Paul Anderson had a very nice article in the most recent Annual Reports in Medicinal Chemistry. He covered quite a few drugs but also pointed out some of the fundamental philosophies that have driven his approach.

In the same book are also chapters from Peter Bernstein and Ross Johnson that are worth reading.

I also second the idea that in the book "Chronicles of Drug Discovery" there are some great chapters.

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8. tjm on January 4, 2013 1:16 PM writes...

Oops, that link is broken. Sorry. Go here http://tmcdermott.com/memory/ and scroll down.

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9. "Nothermaus on January 4, 2013 1:56 PM writes...

@7 drug_hunter - is that the same Ross Johnson of PFE fame?

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10. TX Raven on January 5, 2013 4:15 AM writes...

What are you guys talking about?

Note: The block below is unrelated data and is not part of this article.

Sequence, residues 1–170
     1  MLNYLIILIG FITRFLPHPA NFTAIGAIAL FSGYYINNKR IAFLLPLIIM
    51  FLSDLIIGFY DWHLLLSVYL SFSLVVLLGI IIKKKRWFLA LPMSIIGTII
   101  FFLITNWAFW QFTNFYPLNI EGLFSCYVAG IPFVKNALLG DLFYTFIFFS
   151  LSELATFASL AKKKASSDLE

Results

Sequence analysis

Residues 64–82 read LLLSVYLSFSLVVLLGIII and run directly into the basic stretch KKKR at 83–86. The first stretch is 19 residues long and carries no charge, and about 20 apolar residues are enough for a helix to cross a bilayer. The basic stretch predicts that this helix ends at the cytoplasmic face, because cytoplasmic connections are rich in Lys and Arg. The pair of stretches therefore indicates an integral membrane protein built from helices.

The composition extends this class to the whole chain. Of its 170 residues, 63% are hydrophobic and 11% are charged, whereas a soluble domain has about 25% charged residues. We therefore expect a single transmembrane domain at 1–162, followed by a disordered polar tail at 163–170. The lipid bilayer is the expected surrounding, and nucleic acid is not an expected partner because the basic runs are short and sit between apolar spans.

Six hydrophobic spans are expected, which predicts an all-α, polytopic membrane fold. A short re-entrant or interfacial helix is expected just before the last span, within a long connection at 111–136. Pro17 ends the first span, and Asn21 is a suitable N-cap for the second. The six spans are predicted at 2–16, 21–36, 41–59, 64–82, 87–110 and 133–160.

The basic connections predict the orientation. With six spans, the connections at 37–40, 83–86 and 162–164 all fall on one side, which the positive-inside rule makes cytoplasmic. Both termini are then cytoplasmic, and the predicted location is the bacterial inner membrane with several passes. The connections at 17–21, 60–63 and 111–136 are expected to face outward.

Just calculate cLogP and MW, and you are on your way to curing cancer...

Why do you want to convince people that drug discovery is a complex task and decisions are made in rather ambiguous scenarios?

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11. drug_hunter on January 5, 2013 11:38 AM writes...

@9 Nothermaus - yes, in the article he says he started at Pfizer in 1971, and worked on prostaglandins, cannabinoids, hypoglycemics, opioids, HIV fusion inhibitors, and ENaC sodium channel for CF. Do you know him? I have never met the man.

@10 TX Raven - So should we all conclude that you don't give a damn about teaching students anything of value?

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12. TX Raven on January 5, 2013 12:16 PM writes...

Dear drug_hunter... I thought it was rather obvious I was being sarcastic :-)